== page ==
Johanna Hanefeld in the Guardian on new research that suggests foreign private patients provide a lucrative source of NHS income: “[Recently published Government-commissioned research on health tourism is] much more across the government immigration agenda than anything to do with health”. Also on the front page of the Independent and covered by the Financial Times, Observer, Guardian Data Blog, Independent editorial, Huffington Post, Guardian Healthcare Professionals Network, Daybreak, Pulse and numerous political and medical online news sites.
David Schellenberg writes on the Lancet Global Health blog about the 6th MIM Pan African Malaria conference, and the prospects for malaria eradication: “The conference theme—including mention of “the E word” (eradication)—would have been unthinkable when MIM last gathered in Durban, in 1999… The elimination agenda is undoubtedly influencing priorities in research. The development of new malaria drugs and vaccines now has an emphasis on blocking transmission: the science is exciting and the approach to regulatory approval intriguing.”
Peter Piot writes on the Huffington Post about the launch of the Oxford Martin Commission’s Now for the Long Term Report: “Long-term issues in global health were a major focus of our work. But it is not only infectious diseases on which we must act to enhance the health, security, and prosperity of future generations. As Commissioners, we believe the threat of non-communicable diseases, such as stroke, cancer, diabetes and dementia, cannot be ignored. They are now the leading cause of death in the world; with the exception of sub-Saharan Africa, NCD mortality exceeds that of communicable, maternal, perinatal and nutritional conditions combined.”
Claire Bertschinger is named as one of the BBC’s 100 Women; she takes part in a day of debate and discussion at the BBC on Friday 25 October.
James Logan joins Jo Good in the BBC Radio London (from 1 hour 6 mins 40 secs) studio talking about dust mites, clothes, moths and the Gower Street insectaries: “The insectaries are actually underneath Gower Street, full of buzzing mosquitoes and tropical insects from all over the world… we breed them there and we use them in our experiments. It’s the perfect environment, it’s dark and dingy and humid.”
Val Curtis writes in Psychology Today about Halloween, and its origins in the ancient universal motives of disgust fear and play: “So Halloween decorations cue fear and disgust. But, hang on—surely plastic porch decorations aren’t so much disgusting or frightening, but fun. They made me smile and laugh, not run or puke. What’s going on here? Again, evolution provides the answer.”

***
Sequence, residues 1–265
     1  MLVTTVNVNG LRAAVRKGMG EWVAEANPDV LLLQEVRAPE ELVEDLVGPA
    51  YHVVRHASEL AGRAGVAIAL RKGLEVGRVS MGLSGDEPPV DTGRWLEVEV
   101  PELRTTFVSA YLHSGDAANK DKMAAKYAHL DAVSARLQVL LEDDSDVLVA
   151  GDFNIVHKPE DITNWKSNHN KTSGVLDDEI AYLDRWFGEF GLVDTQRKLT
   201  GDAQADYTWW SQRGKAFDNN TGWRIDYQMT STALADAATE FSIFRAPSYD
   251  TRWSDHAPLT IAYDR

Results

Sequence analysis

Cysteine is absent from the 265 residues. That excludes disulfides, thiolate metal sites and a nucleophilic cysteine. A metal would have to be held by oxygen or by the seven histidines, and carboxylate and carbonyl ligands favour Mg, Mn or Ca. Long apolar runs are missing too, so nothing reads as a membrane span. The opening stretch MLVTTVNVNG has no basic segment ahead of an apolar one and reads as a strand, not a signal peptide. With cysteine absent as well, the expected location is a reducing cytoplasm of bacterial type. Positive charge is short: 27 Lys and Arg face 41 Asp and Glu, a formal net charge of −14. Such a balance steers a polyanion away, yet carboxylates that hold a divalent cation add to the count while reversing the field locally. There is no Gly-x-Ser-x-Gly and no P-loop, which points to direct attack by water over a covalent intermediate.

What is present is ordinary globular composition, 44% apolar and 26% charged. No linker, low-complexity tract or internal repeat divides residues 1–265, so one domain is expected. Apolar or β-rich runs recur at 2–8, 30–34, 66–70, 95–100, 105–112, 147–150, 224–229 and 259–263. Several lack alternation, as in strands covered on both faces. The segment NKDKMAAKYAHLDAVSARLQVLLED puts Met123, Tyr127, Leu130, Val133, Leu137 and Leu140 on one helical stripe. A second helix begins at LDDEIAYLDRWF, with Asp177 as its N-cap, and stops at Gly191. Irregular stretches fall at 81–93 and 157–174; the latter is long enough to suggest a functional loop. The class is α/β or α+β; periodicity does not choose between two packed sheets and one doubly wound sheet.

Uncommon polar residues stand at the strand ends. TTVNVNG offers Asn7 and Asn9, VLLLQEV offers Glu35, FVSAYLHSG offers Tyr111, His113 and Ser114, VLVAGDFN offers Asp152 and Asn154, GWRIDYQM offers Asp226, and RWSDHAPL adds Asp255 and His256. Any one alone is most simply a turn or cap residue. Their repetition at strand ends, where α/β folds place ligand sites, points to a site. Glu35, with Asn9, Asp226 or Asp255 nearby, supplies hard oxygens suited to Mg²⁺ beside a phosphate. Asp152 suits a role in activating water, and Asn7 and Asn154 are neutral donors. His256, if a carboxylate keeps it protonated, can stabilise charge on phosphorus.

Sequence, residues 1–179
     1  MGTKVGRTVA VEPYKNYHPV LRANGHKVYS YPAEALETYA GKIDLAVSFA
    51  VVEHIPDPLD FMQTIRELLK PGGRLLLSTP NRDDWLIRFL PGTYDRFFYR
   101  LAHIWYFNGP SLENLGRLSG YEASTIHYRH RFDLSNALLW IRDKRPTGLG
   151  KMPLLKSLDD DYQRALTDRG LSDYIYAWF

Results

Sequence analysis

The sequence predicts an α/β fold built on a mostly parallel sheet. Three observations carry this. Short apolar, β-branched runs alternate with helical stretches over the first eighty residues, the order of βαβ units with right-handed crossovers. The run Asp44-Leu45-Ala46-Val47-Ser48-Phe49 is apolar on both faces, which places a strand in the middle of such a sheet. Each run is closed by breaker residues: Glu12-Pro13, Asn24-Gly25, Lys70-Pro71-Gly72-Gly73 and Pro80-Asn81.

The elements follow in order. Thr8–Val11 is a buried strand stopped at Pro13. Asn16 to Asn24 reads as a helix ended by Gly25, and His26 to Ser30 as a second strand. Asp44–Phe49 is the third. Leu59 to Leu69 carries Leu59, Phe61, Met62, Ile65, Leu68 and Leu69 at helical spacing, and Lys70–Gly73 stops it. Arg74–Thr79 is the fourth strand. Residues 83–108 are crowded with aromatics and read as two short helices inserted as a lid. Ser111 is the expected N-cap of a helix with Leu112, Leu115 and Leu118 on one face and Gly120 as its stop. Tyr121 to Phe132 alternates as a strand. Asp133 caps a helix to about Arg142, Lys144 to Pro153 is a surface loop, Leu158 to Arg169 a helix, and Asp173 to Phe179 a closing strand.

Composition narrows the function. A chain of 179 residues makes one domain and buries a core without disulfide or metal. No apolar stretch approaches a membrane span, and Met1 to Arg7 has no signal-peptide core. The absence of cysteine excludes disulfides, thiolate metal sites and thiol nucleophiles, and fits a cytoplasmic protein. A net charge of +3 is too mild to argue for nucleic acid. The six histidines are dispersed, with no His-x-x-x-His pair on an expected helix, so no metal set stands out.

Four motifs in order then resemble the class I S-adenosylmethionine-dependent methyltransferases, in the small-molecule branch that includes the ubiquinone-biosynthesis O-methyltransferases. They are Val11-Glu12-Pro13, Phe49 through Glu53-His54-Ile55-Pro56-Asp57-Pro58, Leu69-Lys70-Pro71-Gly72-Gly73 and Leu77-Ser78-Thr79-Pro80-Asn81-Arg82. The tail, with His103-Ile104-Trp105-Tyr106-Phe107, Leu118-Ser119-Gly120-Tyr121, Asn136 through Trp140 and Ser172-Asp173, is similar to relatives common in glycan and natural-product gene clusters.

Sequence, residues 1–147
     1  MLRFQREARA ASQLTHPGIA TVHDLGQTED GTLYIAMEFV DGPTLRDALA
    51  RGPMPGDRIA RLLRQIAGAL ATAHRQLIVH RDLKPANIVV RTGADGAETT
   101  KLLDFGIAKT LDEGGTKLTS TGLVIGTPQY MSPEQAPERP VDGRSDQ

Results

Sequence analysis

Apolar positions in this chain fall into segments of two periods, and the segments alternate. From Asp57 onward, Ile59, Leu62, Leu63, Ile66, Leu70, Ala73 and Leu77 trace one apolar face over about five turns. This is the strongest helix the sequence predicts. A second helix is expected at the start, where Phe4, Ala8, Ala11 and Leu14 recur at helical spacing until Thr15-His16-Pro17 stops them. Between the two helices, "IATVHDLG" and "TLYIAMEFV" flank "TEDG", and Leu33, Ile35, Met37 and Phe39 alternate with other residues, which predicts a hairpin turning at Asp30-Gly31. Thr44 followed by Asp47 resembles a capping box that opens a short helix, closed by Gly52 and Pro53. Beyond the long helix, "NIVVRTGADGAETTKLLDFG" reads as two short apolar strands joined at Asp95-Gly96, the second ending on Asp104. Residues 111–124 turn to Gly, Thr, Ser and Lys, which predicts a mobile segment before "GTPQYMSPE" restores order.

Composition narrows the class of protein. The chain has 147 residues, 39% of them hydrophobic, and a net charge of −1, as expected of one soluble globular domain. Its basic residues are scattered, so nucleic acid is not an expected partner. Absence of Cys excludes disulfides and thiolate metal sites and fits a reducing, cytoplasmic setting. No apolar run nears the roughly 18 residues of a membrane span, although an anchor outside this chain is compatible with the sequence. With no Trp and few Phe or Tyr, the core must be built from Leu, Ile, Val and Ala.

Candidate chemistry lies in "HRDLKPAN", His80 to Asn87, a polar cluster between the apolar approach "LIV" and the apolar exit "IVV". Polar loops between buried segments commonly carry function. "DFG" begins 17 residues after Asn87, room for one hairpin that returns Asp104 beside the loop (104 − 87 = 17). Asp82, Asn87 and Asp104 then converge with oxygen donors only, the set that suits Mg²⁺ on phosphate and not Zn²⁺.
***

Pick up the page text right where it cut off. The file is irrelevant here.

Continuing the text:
Colin Sutherland writes on the Guardian Global Development Professionals Network about research into the effectiveness of ACT in Africa: “Do these findings mean we are now seeing resistance to ACT in Africa? I do not think this is the case. The Malactres consortium, funded by the European Union to conduct the studies in Kenya, and companion studies in Burkina Faso, Tanzania and Nigeria, is using DNA sequence analysis to determine whether there is something special about these persisting parasites. They may bear genetic characteristics that represent an early step towards resistance, but the drugs are still working well for children in Africa. What these findings do mean is that we cannot rely on ACT forever.”
Val Curtis speaks to Huffington Post Live about her new book and the science behind disgust.
James Logan is interviewed on ABC Health Report about how bedbugs are spread and research being carried out by the School to help detect them: “What we’ve been doing here is looking to identify that pheromone – the chemicals that the bedbugs can detect – and we have identified it. We can develop a new trap that could be used to monitor bed bug infestations. So for example in a hotel… if you had a sentinel trap in each of the bedrooms that could be checked daily or weekly then you could pick up on a bedbug infestation as soon as it started and get rid of it before it gets out of control.”
SciDev.net covers a panel session organised by Heidi Larson at the World Health Summit, exploring the pros and cons of social media in global health. Heidi Larson also speaks to Deutsche Welle about how social media can perpetuate rumours about vaccines.
Lois Kin speaks to Reuters about a study that found that among women in their 60s and 70s, behaviors like smoking, drinking and exercise could account for up to 17% of a woman’s risk for disabling conditions like heart disease, arthritis and difficulty walking: “We set out to quantify the influence of current lifestyle on subsequent disability.”
Lancet report on the Global Health Lab lecture ‘What is the contribution of human rights to global health?’